La palabra del día: Fehaciente/s

Adjective. This word is very common in Legal Spanish and it does not have a direct translation into English. It can be translated into ‘reliable, authentic’, but it means much more than that. The RAE defines it as que hace fe, fidedigno. I think this needs a deeper explanation. As you can see, there are two words here: fe (faith), haciente (making): faith-making. My partner David is here telling me that in English ‘faith-making’ means nothing and I trust him because he is English and a journalist. But, in Spanish it means a lot: Que hace fe means something like ‘that it proofs that what it declares is trustworthy’. For example: un documento fehaciente. But the problem does not finish here; this adjective is often used in the expression de forma fehaciente, or more often we use the adverb fehacientemente. That means that what is done it is done in a way that it can be proven. The perfect example is the expression notificación fehaciente, or notificado fehacientemente; this means that the notification is made in a way that who makes it can pove they made it. Does this make any sense? I will give you a real text here: El ejercicio de este derecho deberá hacerse mediante notificación fehaciente que habrá de recibirse en el domicilio social: In order to exercise this right, the shareholder or shareholders shall provide due verifiable notification sent to the registered offices of the Company.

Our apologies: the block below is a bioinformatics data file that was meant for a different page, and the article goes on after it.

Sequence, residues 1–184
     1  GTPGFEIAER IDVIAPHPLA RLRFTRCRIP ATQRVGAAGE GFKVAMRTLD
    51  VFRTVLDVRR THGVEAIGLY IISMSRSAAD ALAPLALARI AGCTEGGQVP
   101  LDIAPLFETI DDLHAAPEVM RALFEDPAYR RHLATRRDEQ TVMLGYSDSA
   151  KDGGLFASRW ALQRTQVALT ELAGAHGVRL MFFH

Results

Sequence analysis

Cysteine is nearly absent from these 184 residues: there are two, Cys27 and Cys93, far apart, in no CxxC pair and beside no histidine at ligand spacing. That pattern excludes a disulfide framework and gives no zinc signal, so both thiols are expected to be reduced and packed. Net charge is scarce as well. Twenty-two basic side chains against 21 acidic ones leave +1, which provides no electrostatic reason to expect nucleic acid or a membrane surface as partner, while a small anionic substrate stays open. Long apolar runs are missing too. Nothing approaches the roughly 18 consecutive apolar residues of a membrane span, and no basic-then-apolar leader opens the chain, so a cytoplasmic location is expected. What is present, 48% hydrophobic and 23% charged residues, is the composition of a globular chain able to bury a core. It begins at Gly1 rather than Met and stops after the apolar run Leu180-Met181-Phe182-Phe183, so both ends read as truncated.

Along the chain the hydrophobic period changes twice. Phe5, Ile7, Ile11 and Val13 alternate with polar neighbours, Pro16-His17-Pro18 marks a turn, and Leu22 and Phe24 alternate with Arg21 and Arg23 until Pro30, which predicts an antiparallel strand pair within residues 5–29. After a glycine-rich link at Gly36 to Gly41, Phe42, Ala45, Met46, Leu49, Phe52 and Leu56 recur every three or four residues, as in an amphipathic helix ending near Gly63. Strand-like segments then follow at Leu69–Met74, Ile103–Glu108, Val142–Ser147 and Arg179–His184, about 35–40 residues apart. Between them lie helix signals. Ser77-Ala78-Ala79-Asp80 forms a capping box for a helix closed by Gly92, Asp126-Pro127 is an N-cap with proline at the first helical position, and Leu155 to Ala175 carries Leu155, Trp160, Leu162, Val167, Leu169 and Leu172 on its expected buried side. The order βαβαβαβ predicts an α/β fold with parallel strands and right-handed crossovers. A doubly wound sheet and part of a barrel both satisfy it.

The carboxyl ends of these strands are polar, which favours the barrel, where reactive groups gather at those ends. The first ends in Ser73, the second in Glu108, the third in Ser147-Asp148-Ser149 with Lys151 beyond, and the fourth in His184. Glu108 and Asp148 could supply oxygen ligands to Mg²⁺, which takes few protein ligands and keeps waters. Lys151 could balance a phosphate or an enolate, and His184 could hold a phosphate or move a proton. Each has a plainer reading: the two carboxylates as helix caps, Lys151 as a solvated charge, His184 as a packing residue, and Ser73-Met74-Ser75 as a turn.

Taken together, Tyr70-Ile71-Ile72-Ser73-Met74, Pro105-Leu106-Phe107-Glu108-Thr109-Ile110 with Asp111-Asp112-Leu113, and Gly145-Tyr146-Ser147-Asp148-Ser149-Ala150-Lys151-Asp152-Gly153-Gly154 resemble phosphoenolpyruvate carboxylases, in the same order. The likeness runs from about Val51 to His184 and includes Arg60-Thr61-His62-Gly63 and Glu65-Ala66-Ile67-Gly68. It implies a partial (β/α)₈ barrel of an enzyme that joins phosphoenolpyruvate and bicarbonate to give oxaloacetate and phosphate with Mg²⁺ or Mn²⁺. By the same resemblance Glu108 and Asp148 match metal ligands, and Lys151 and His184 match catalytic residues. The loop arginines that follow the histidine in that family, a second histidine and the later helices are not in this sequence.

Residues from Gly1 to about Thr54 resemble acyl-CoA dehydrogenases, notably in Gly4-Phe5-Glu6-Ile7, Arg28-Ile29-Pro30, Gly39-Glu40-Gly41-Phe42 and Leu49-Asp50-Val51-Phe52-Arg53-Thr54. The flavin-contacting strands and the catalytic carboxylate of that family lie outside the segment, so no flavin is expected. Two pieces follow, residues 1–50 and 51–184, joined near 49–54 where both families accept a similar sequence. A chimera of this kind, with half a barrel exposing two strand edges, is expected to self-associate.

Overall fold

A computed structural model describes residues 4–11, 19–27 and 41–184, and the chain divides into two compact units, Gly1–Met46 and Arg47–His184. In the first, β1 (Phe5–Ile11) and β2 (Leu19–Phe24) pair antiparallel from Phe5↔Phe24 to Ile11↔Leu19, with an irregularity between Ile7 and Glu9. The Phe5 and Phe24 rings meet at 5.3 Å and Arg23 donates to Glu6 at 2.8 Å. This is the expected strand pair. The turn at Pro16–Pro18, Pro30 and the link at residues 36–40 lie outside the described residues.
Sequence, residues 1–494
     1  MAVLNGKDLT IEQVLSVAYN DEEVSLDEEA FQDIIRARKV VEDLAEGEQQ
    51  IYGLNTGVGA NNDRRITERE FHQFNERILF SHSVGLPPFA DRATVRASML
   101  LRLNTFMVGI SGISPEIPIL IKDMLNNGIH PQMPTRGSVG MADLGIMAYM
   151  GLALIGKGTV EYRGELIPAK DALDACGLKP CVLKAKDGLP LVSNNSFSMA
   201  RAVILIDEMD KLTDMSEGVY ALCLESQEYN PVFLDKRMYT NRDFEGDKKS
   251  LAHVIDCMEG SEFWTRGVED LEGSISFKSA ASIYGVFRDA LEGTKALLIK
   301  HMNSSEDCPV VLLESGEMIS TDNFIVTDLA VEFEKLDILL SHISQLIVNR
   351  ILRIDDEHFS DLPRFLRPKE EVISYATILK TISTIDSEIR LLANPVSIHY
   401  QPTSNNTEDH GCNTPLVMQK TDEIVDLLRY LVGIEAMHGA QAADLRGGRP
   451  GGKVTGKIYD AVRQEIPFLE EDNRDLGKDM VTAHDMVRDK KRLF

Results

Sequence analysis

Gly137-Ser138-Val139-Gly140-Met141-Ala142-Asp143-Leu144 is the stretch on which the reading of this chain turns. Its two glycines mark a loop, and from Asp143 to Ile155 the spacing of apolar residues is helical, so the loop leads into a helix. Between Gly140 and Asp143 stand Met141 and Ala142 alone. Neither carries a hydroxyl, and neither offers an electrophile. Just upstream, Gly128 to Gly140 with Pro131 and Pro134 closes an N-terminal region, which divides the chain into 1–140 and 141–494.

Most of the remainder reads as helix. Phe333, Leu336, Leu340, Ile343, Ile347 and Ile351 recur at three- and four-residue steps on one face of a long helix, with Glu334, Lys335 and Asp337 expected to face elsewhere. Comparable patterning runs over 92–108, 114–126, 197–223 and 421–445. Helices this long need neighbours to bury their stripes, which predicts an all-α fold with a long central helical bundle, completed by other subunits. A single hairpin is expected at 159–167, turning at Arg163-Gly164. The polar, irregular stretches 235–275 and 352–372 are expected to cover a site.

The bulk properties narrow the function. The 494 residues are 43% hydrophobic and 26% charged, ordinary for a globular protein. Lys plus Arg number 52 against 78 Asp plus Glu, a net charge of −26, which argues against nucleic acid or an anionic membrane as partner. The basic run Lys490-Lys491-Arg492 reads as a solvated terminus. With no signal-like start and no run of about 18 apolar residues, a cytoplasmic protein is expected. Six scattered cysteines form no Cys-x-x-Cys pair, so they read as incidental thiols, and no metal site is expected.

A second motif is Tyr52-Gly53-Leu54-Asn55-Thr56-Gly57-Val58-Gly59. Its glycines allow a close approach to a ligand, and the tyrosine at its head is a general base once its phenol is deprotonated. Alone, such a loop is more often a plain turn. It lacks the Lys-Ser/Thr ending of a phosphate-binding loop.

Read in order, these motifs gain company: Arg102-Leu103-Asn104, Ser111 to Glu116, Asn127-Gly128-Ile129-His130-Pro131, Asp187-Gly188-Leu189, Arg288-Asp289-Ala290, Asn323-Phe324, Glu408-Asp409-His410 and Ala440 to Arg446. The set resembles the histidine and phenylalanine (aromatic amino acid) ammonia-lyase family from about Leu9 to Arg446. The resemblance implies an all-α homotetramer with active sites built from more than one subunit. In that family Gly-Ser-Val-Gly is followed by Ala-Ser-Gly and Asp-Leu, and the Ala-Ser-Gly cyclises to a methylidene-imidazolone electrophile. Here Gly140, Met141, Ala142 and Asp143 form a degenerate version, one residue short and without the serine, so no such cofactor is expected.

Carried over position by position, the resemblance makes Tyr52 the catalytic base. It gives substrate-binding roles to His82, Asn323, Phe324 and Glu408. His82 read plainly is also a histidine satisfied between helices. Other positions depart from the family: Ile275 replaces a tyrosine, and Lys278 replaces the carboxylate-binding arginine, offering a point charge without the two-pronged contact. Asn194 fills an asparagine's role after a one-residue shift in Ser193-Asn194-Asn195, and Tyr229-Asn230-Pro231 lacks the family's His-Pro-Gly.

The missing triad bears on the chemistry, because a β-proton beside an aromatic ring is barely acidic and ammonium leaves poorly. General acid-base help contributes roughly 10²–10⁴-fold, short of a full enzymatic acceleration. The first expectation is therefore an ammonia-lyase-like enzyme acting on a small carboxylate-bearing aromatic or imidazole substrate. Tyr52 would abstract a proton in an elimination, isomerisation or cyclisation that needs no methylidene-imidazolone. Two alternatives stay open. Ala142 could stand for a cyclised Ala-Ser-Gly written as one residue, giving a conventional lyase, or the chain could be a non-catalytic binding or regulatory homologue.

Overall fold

In another note and speaking about faith, dar fe means ‘to attest’. I think it all makes sense now. A student has told me that the best translation of fehaciente could be ‘verifiable’, and I kind of agree. dc

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